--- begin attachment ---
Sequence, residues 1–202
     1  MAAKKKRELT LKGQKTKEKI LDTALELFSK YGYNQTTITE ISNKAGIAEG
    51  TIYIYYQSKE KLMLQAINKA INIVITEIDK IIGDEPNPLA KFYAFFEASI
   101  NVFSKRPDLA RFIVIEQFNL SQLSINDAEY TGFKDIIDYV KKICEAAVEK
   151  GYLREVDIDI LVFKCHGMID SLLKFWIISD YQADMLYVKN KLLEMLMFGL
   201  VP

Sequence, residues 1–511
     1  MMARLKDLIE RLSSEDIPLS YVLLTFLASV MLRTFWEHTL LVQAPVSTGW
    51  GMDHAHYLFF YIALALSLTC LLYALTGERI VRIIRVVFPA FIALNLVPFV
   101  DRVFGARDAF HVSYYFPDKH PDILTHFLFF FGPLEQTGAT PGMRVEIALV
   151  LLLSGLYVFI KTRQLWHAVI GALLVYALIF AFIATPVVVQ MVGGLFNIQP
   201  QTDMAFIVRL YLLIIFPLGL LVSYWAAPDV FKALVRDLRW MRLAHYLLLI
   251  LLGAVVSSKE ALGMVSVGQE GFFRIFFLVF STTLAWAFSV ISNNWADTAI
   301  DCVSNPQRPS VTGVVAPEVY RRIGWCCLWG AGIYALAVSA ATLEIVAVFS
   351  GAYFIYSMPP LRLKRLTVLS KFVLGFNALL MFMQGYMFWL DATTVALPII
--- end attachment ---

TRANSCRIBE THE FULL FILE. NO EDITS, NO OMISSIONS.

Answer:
Sequence, residues 1–202
     1  MAAKKKRELT LKGQKTKEKI LDTALELFSK YGYNQTTITE ISNKAGIAEG
    51  TIYIYYQSKE KLMLQAINKA INIVITEIDK IIGDEPNPLA KFYAFFEASI
   101  NVFSKRPDLA RFIVIEQFNL SQLSINDAEY TGFKDIIDYV KKICEAAVEK
   151  GYLREVDIDI LVFKCHGMID SLLKFWIISD YQADMLYVKN KLLEMLMFGL
   201  VP

Sequence, residues 1–511
     1  MMARLKDLIE RLSSEDIPLS YVLLTFLASV MLRTFWEHTL LVQAPVSTGW
    51  GMDHAHYLFF YIALALSLTC LLYALTGERI VRIIRVVFPA FIALNLVPFV
   101  DRVFGARDAF HVSYYFPDKH PDILTHFLFF FGPLEQTGAT PGMRVEIALV
   151  LLLSGLYVFI KTRQLWHAVI GALLVYALIF AFIATPVVVQ MVGGLFNIQP
   201  QTDMAFIVRL YLLIIFPLGL LVSYWAAPDV FKALVRDLRW MRLAHYLLLI
   251  LLGAVVSSKE ALGMVSVGQE GFFRIFFLVF STTLAWAFSV ISNNWADTAI
   301  DCVSNPQRPS VTGVVAPEVY RRIGWCCLWG AGIYALAVSA ATLEIVAVFS
   351  GAYFIYSMPP LRLKRLTVLS KFVLGFNALL MFMQGYMFWL DATTVALPII